Hew Parham. Adelaide Cabaret Festival. Artspace. 11 Jun 2016
Imagine cabaret is a glove: a beautiful, glamorous, very expensive stylish must have, to die for glove, styled with the finest songs; sharp, biting, sexy, rebellious.
Now imagine a tall white face French clown takes that glove and turns it inside out exposing its stitching, a flaw here or there, a hidden patch; these are the things behind the glamour we usually don’t want to know about.
Welcome to Rudi’s The Rinse Cycle, where suffering is entertainment of the most miraculous order.
Under Sarah Dunn’s superb direction, Hew Parham delivers the performance of his career. His Rudi is a masterful clown willingly suffering in the laundromat of life by giving up performances on the command of an offstage voice to cleanse his smelly artistic soul.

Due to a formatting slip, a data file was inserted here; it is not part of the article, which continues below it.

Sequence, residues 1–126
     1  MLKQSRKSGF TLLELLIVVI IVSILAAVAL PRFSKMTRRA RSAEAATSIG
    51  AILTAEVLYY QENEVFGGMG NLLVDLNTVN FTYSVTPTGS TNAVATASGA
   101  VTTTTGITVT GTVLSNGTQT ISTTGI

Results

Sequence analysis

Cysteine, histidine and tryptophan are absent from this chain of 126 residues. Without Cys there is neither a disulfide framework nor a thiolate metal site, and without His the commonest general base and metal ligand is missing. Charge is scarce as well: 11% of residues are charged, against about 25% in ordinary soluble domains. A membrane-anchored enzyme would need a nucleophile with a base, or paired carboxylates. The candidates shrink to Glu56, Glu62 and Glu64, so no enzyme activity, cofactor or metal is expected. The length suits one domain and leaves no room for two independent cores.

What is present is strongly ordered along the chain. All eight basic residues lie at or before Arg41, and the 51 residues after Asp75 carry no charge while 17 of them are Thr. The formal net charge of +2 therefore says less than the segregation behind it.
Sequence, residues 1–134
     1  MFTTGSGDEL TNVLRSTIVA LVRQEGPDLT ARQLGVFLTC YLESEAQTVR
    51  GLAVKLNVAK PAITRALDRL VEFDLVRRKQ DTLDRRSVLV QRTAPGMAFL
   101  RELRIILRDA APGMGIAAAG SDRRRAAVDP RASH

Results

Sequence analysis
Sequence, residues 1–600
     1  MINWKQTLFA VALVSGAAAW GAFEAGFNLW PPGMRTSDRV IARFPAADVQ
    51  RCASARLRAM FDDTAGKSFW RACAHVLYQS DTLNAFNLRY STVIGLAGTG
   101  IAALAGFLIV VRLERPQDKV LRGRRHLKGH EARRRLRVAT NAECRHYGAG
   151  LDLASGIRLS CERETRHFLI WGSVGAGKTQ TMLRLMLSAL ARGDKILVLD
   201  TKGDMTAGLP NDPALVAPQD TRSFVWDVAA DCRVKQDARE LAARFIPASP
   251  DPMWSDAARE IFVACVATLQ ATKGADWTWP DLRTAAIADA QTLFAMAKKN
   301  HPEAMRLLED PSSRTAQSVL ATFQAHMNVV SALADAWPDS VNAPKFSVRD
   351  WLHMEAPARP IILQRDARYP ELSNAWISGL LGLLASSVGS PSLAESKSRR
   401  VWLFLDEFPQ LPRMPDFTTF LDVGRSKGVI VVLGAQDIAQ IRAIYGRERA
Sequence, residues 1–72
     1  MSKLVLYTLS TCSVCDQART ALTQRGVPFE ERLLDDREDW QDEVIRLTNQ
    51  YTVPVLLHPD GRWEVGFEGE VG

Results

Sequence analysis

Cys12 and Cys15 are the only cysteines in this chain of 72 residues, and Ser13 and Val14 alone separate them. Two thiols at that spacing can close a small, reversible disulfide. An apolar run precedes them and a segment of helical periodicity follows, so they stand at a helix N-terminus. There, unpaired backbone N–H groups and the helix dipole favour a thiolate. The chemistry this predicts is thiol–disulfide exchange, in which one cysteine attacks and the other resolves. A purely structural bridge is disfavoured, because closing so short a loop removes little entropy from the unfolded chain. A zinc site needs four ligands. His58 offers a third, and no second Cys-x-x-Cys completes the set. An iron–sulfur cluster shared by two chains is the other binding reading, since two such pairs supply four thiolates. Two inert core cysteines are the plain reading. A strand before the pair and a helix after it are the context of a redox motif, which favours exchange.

From rudely hilarious violin played on multicoloured long johns, to heart wrenching, ultra angst laden renditions of Weil and as many cabaret standards as possible - even anti standards - Rudi turns himself inside out for our amusement; just like he has that glove of cabaret.
There is nothing he will not do, not a musical cadence he will not seek to reach, not a ridiculous moment will he not pass the opportunity to fall into.
Parham’s clowning, paired with song, is exquisitely rich in emotional depth, powerful in vulnerability, and overwhelming with white hot truth. At the same time, he’s ruggedly unforgiving in parody to the point a song is not needed for the bit involving wearing a flannel shirt. See it. You’ll get it!
The rinse cycle of cabaret through to popular music culture is a very thorough and rough treating one, much to the audience’s sheer delight.
Aaron Nash’s superlative accompaniment on piano provided Parham’s performance with the musical gusto and rebellious gravitas needed to make a perfect production.
When: 11 to 13 June